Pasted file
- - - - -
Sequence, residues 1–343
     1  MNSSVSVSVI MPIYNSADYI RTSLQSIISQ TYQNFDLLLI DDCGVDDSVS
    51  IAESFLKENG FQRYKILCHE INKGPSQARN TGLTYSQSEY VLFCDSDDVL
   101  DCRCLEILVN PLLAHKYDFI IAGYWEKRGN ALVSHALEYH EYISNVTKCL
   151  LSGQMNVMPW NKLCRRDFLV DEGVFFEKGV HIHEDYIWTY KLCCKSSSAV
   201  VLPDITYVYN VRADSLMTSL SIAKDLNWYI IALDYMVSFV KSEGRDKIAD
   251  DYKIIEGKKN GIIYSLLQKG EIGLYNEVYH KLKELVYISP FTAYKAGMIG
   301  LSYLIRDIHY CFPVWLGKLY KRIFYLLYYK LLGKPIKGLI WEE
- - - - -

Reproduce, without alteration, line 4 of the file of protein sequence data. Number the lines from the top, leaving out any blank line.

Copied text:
   101  DCRCLEILVN PLLAHKYDFI IAGYWEKRGN ALVSHALEYH EYISNVTKCL